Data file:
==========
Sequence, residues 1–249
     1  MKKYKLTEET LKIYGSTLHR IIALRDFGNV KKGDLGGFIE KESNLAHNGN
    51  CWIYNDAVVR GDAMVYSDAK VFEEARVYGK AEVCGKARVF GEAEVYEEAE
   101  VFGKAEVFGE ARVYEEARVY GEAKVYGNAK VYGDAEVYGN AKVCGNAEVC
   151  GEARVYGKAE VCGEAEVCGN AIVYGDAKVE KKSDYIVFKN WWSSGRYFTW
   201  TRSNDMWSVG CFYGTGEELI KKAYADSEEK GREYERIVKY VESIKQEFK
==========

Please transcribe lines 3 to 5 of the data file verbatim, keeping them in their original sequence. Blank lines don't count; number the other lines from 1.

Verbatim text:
    51  CWIYNDAVVR GDAMVYSDAK VFEEARVYGK AEVCGKARVF GEAEVYEEAE
   101  VFGKAEVFGE ARVYEEARVY GEAKVYGNAK VYGDAEVYGN AKVCGNAEVC
   151  GEARVYGKAE VCGEAEVCGN AIVYGDAKVE KKSDYIVFKN WWSSGRYFTW